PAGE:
Who wants to be a millionaire libel lawyer to the stars?

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George Carman's sudden exit from the law has left a string of high profile cases, worth an estimated £1m-a-year in fees, without a star libel lawyer.

George Carman's sudden exit from the law has left a string of high profile cases, worth an estimated £1m-a-year in fees, without a star libel lawyer.

Sir Richard Branson, Marco Pierre White and Lawrence Dallaglio are all looking for a leading barrister to replace Mr Carman in their forthcoming trials. The great libel lawyer announced last week that he was hanging up his wig following a diagnosis of prostate cancer.

Top defamation solicitors believe the next George Carman QC will either emerge from the ranks of the established libel Bar or from a group of "young Turk" women barristers, championed by "Gorgeous George".

Mr Carman, 70, preferred to use women barristers as juniors on some of his high-profile cases. "He liked his girls, because they made him look more sympathetic to the jury," said one leading solicitor who instructed Mr Carman. Three of "George's protégées" are being tipped as his eventual successor. "They learnt from the master in some very high-profile cases and that will certainly do them no harm in their bid for the top," said Teresa Sandon, editor of the Legal 500, which publishes annual rankings of barristers and solicitors.

Since 1990, Adrienne Page QC, 48, who took silk last year, has been regularly chosen as Mr Carman's junior.

Heather Rogers, 41, who now works with Cherie Booth QC at Matrix chambers, was one of his juniors in the classic Hamilton-Al Fayed libel trial.

The third name to emerge is Victoria Sharp, 43, daughter of a City industrialist, who appeared with Mr Carman in Marco Pierre White's famous victory this year against The New York Times and the International Herald Tribune.

Their succession is far from automatic. First they will have to brush aside the old guard.

Their biggest obstacle is a triumvirate of Eton- and Oxford-educated silks who will have firmly set their sights on the top spot. The three are Desmond Browne QC, Andrew Caldecott QC and James Price QC.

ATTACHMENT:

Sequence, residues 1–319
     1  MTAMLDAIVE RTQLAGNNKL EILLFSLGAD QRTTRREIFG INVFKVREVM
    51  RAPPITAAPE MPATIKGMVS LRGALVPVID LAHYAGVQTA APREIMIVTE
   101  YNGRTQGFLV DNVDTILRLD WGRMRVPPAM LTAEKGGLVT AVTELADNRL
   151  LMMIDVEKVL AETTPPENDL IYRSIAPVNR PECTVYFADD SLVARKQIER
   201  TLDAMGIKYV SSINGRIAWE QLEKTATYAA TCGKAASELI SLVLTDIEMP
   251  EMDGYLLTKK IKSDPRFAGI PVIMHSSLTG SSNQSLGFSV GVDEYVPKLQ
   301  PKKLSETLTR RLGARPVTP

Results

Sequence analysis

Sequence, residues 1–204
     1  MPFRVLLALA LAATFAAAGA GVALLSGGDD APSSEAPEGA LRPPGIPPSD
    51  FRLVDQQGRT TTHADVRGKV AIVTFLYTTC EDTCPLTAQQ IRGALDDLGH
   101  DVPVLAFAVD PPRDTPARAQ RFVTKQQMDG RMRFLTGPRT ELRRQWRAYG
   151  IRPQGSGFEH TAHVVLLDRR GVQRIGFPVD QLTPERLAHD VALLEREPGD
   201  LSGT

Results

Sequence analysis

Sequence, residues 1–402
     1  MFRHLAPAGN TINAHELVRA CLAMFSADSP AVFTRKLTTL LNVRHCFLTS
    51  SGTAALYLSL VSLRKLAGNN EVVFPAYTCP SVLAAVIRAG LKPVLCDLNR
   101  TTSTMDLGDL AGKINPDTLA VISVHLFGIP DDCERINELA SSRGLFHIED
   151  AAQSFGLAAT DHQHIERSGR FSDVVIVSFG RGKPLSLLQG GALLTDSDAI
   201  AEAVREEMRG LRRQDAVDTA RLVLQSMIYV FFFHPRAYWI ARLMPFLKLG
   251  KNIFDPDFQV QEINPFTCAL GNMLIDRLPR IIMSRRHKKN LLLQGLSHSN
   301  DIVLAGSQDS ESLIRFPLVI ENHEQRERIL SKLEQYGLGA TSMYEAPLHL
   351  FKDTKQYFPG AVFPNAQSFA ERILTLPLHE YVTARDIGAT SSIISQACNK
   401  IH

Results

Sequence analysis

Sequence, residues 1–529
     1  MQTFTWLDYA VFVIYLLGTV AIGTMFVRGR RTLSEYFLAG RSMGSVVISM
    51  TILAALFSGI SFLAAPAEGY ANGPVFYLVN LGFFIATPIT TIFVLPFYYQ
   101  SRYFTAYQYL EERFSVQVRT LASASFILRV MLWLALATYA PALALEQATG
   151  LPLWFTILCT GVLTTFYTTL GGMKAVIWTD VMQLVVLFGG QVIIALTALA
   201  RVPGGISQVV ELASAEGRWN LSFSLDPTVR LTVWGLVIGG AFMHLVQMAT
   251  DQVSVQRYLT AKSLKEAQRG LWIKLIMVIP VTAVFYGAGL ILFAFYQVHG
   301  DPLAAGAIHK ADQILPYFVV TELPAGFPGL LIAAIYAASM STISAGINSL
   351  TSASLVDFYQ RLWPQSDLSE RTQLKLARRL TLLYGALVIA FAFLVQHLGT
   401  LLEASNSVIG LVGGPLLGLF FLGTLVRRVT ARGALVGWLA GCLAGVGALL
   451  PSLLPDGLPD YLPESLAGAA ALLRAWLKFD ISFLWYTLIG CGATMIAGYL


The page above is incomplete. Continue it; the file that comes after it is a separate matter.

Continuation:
A number of solicitors tip Desmond Browne QC, who acted for Neil Hamilton in the now famous clash in the High Court. There was a vintage performance by Mr Carman but many observers thought Mr Browne's own performance was equally dazzling. However, as one solicitor noted, "who remembers the barrister who came second?"

"Desmond matched Carman on the law but lacked his famous common touch with the jury," said one barrister, adding, "he has a tendency to use Latin or Greek when ordinary language will do."

Nigel Tait, managing partner Peter Carter-Ruck and Partners, said: "There is no real obvious successor to George Carman - he is a unique, one-off talent, and his shoes will be very difficult to fill."

Michael Kaplan, Mr Carman's own clerk at 4-5 Gray's Inn Square, said the established field lacked an obvious successor. "After Mr Carman's announcement, solicitors have been asking me who I would suggest as his replacement and because he was so special this hasn't been easy."

Because of this would-be clients are looking outside the libel Bar.

The human rights barrister, Geoffrey Robertson QC, has the kind of high profile and media-friendly style to match George Carman.

In recent weeks his human rights arguments have won a case for Mike Tyson and helped Andrew Morton resist David and Victoria Beckham's attempt to prevent publication of his biography about them. "Human rights arguments are going to increasingly play a part in libel cases and this will give Geoffrey an edge," said Mark Stephens, of Finers Stephens Innocent.

Another contender is the colourful criminal barrister, Ronald Thwaites QC, who has ditched his crime practice to join the libel bar.

But Mr Kaplan hinted that talk of the end of Mr Carman's reign might still be premature: "I wouldn't rule out the possibility of him making a return if the treatment goes well ... one big case for his swan song."